The same can be said for artists themselves. Just ask Robyn Ludwick. Now four critically acclaimed albums into her career, the Wimberley, Texas based singer-songwriter has distinguished herself over the last decade as one of the most ferociously compelling voices not only in her native Lone Star State, but across the wider Americana landscape both home and abroad. But considering the fact that she didn’t start writing songs until she was 31 years old begs the question: What took her so long? Or, as Texas Monthly put it more tactfully in a review of Ludwick’s 2005 debut, For So Long, “Now and then, a young artist arrives with such confidence that you wonder where he or she has been hiding.”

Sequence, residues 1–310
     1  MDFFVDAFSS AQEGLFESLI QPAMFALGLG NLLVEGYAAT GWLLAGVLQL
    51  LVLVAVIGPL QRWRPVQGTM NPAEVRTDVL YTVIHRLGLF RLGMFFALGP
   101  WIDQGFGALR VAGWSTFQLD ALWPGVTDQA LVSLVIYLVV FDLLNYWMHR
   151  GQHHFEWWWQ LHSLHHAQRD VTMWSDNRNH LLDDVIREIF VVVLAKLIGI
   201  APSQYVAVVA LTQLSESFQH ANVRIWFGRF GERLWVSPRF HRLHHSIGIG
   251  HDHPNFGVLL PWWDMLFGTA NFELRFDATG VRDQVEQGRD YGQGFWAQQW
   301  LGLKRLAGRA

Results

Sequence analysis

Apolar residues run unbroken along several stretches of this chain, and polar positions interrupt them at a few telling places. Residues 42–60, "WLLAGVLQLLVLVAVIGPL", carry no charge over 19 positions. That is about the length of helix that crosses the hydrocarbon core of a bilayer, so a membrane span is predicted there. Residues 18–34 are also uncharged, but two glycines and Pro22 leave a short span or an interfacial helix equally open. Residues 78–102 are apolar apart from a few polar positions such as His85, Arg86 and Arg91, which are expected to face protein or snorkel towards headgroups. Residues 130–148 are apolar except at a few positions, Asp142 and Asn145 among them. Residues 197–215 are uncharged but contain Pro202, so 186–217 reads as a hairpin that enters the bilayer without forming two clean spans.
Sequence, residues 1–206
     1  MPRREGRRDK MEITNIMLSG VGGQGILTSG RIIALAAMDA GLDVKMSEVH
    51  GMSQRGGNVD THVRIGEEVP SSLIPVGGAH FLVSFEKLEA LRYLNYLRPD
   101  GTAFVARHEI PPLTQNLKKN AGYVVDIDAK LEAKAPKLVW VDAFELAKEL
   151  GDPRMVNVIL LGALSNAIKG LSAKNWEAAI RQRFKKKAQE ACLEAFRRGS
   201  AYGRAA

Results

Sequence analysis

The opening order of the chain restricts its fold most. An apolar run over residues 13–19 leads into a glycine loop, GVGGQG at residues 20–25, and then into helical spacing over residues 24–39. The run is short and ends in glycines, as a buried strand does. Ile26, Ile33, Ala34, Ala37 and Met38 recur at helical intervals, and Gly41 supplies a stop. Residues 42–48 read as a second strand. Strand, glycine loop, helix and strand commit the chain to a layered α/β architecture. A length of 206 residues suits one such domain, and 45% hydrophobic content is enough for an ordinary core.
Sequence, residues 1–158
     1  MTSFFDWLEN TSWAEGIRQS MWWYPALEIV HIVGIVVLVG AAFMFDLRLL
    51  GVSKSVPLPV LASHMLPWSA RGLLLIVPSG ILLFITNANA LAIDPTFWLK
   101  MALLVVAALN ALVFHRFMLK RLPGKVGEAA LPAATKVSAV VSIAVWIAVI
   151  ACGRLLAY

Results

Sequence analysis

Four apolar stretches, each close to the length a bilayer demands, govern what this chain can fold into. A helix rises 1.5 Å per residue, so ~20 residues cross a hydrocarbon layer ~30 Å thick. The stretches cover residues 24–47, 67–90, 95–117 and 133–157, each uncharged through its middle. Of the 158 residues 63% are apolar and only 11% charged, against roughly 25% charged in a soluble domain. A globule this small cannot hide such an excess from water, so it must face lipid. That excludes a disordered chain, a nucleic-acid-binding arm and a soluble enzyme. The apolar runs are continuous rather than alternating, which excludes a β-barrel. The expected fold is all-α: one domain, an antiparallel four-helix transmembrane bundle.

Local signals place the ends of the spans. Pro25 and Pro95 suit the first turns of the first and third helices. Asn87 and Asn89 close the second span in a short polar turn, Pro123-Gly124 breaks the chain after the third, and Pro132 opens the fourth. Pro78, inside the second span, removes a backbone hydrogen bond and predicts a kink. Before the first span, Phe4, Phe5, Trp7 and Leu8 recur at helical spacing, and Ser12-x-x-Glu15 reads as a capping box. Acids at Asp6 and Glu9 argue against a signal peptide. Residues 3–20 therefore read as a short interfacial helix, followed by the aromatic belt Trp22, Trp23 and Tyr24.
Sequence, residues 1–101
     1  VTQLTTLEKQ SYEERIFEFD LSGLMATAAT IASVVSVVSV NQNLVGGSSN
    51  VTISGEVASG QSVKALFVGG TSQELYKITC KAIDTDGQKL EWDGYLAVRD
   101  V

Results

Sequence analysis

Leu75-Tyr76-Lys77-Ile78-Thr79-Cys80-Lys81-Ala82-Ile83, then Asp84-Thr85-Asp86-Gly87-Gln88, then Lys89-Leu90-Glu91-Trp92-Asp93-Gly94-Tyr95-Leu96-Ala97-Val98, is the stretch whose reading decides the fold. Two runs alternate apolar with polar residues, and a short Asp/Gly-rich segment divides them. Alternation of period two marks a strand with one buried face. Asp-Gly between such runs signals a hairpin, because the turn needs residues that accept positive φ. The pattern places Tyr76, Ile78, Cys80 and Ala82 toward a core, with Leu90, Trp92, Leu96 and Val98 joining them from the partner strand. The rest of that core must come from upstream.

Of course, confident and even staggeringly good debut albums are not unheard of — especially in a genre that’s produced such time-tested classics as Guy Clark’s Old No. 1, Steve Earle’s Guitar Town and the self-titled debuts from John Prine and Willis Alan Ramsey. But For So Long carried an extra element of surprise given that Robyn Ludwick, far from coming out of nowhere, just happened to be the previously unheard-from “kid” sister of two of the most respected and/or notorious Texas singer-songwriters of their generation, Bruce and Charlie Robison. By extension, that also made her the sister-in-law of Americana darling Kelly Willis and a Dixie Chick (Emily Robison) — not to mention the wife of in-demand studio and road bassist John “Lunchmeat” Ludwick. As “musical families” go, that’s a veritable full house spilling out onto the front lawn. But Robyn, ever the rebel at heart, started out on a very different path. Having ostensibly had her fill of dancehalls and honky-tonks by her late teens (her mother was a bartender), she married young, put herself through college and secured a “real world” career in forensic engineering. It was no mere fling, either; although she was between jobs when she finally gave songwriting a whirl in her early 30s, she was back in the engineering field long before her music career took off and managed to keep one foot planted in both worlds for more than a decade. In fact, it wasn’t until shortly after the summer 2014 release of her fourth album that she finally quit her “day job” for good and committed herself full-time to her true calling.